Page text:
Wednesday, February 13, 2008

Some Thoughts on Australian Forgiveness

My friend in Australia rejoices at Prime Minister Paul Rudd's decision to apologize to the indigenous Australian population for forced separation. Other Australians like Tim Blair says this in an aptly named post Happy Sorry Day!:

Sadly, the effect of the apology on those it’s aimed at is a secondary concern. This is more about smug white folks feeling nice about themselves. That’s why, despite it being an apology for allegedly terrible events, everybody is smiling.
Manny at Auspundits sees this as the beginning of indoctrination which is the government's ultimate goal:
Today, across Australia, state Labor governments and teacher's unions encouraged public schools to feature Prime Minister Rudd's apology to the "stolen generation" and to "educate" its pupils of the historical importance of this largely symbolic gesture. The kind of impetus and vigor with which this was pursued has not been seen in Australian life for well over a decade. Not even the "Public Schools: A National Priority" campaign was so shamelessly promoted.
My concern and the one I voiced to my friend a couple weeks ago, is that the apology is essentially toothless. It cannot right the wrongs. The children are damaged. (Google search it here.)

I'm highly suspicious of collective guilt generations on. Claire Berlinski wrote of the German psychology a few generations after the horrors of Hitler's regime. It's not good. Germany has its own peculiar need for pride and strength and discipline that has been lost in nihilistic angst but boils beneath the surface. It seems to me a uniquely German perspective. The guilt and fear feed resentment. At a certain point this reactionary emotion needs to be left behind.

In the Anglicized West--Britain, America and Australia--an uncomfortable pall rests on them for various reasons. Britain struggles with a pernicious multiculturalism and integrating Muslim populations. America struggles with another form of pernicious multiculturalism where Blacks harbor the legacy of slavery (and some still seek reparations), Latinos vie for special status and American Indians live apart, cut off from the American dream. In Australia, the Aborigines are, according to my friend, a shadow people operating out of the view of everyday Australians.

These strains of shame from the past suck the possibility from the present. They also separate peoples, isolating them from the potential of the new age. For the Aborigines, clinging to old custom will leave them behind the modern world. Is recognition that you're a victim a good thing?

My concern is that casting oneself as victim can be damaging long-term. If it induces helplessness and hopelessness, what's the point? And for those apologizing: Did you do the harm? Then, what good is the apology?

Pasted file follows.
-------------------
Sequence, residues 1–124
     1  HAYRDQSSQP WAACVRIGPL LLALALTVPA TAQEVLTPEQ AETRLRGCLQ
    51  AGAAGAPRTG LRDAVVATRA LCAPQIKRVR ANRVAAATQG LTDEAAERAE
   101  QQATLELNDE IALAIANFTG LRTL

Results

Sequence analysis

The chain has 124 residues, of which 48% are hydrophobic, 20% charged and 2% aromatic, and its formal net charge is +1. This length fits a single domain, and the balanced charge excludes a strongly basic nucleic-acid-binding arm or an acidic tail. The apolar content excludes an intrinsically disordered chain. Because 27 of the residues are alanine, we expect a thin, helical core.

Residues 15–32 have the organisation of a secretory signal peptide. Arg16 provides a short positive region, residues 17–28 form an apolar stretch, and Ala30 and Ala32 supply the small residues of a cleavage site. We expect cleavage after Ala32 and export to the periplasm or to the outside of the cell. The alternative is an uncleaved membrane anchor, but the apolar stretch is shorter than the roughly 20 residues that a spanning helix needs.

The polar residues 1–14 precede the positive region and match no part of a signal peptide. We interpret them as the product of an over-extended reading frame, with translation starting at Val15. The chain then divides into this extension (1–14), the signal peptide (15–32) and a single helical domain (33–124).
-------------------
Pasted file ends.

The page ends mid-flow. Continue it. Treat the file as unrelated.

5 comments:

Anonymous said...

You said: "Did you do the harm? Then, what good is the apology?"

Aside from the context that you are writing about here, I can only say that an apology is good for a number of things.

1. It shows a desire never to make the same mistake again - change of heart and change of mind.

2. It shows concern for those who have been injured.

3. It solidifies both number 1 and 2 by actually stepping out and physically and verbally doing the apologizing.

4. It heals the person doing the apologizing.

5. The person who has been apologized to will never forget it. They will feel valued on some level.

6. On a broader scope, we all mess up and we all need forgiveness at some point or another. We will also need to apologize at some point in our lives.

7. It is a level of human compassion and love and saying "I am so sorry," increases that capacity in all of us.

Melissa Clouthier said...

I understand your sentiment, Anonymous. But how would you feel apologizing to the grandchild who came out of the rape your grandfather committed? It was not your crime, nor was it the grandchild's to forgive. To me, this belated apologizing smacks of condescension as if mere words said by people marginally involved can make it better.

Anonymous said...

With this kind of thinking, I suppose, that the only thing left is "the cross" where all of man's sins have been forgiven.

Human beings are only capable of forgiveness if they choose to do so. They are the ones that choose to bind others to their sin. At that point, the one who has committed the wrong deed can and should free themselves once and for all- despite the justified reasoning of those who think it should not be that easy.

David said...

In 1940, C S Lewis wrote an essay on Dangers of National Repentance. The essay was sparked by a movement among liberal Christians calling for repentance of Britain's sins, which were considered to include the Versailles Treaty.

sandy said...

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